VIOLA MUSIC WRITTEN BY COSTA RICAN COMPOSERS: Analysis of Three Compositional Trends in Costa Rica
Author ORCID Identifier
Year of Publication
Doctor of Musical Arts (DMA)
Dr. Tze-Ying Wu
Prof. Benjamin Karp
What could come from a country that just this past year celebrated 200 years of independence that was only discovered in 1502 and was under the yoke of the Spanish Empire for over 300 hundred years? What contribution to the art music community could this third-world country, Costa Rica, bring to the table? Specifically, what contributions could Costa Rica make to the viola repertoire, which status as a soloistic instrument was raised only 100 or so years ago? How could a small country contribute to the repertoire of this often-forgotten instrument? To answer these questions, I have embarked on research of viola art music written by Costa Rican composers that show essential characteristics of the music essence in the country. These great works not only represent a maturity in the development of the art music in Costa Rica, but they are also technically and artistically challenging for the instrument. The three pieces analyzed are Preludio and Inversion for Viola Solo by Eddie Mora, Trio Concertante for Clarinet, Viola, and Piano by Sergio Delgado, and Kérwá for Viola Solo by Carlos Castro. These represent the cultural diversity that the country encapsulates as they incorporate art music, popular folk music, and indigenous folk music as inspirational trends in their composition.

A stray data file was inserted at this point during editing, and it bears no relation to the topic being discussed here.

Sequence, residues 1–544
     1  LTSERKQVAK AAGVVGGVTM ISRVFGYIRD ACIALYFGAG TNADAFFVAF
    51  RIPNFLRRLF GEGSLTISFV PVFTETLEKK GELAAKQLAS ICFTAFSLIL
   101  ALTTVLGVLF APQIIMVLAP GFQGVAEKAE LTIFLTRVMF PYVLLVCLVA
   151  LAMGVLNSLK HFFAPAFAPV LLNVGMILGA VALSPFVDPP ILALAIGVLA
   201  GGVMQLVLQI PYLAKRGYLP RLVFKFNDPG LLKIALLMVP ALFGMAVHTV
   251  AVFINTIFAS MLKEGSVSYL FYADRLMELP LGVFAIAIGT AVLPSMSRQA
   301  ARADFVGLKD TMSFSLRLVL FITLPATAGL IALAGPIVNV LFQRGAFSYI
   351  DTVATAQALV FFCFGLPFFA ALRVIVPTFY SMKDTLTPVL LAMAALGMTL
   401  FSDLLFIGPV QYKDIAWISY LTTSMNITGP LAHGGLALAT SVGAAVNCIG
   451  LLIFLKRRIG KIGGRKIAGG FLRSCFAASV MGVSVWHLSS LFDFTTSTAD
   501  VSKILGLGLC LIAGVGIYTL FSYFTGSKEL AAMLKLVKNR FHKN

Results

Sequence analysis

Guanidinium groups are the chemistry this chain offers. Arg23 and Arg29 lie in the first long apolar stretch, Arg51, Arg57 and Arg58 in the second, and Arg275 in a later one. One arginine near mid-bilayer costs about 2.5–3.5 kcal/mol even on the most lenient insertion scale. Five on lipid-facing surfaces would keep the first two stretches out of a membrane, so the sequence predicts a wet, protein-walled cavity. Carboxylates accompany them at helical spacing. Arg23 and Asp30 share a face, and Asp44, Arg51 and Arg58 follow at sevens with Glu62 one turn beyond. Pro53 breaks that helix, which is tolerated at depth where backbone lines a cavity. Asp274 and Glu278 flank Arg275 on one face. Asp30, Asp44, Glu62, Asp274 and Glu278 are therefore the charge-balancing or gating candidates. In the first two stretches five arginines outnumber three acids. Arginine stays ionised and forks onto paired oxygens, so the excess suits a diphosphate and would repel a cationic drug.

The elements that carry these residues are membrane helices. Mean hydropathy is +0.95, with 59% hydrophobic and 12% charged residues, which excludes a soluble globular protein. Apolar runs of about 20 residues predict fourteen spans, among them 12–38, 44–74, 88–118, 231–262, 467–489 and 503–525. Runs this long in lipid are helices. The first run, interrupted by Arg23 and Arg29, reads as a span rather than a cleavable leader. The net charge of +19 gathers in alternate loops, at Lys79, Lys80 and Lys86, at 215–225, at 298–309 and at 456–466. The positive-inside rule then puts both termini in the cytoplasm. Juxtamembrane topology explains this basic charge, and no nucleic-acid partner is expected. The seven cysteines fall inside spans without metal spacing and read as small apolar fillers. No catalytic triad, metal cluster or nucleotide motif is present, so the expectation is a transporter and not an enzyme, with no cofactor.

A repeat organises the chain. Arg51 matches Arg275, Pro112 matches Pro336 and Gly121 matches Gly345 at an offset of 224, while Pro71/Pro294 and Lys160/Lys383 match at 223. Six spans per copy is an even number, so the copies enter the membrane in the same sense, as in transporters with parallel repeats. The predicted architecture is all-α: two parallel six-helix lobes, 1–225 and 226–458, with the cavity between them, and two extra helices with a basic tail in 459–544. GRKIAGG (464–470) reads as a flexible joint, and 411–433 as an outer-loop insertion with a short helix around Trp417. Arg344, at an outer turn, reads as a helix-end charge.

Digital Object Identifier (DOI)
Soto Huertas, Karen, "VIOLA MUSIC WRITTEN BY COSTA RICAN COMPOSERS: Analysis of Three Compositional Trends in Costa Rica" (2022). Theses and Dissertations--Music. 198.
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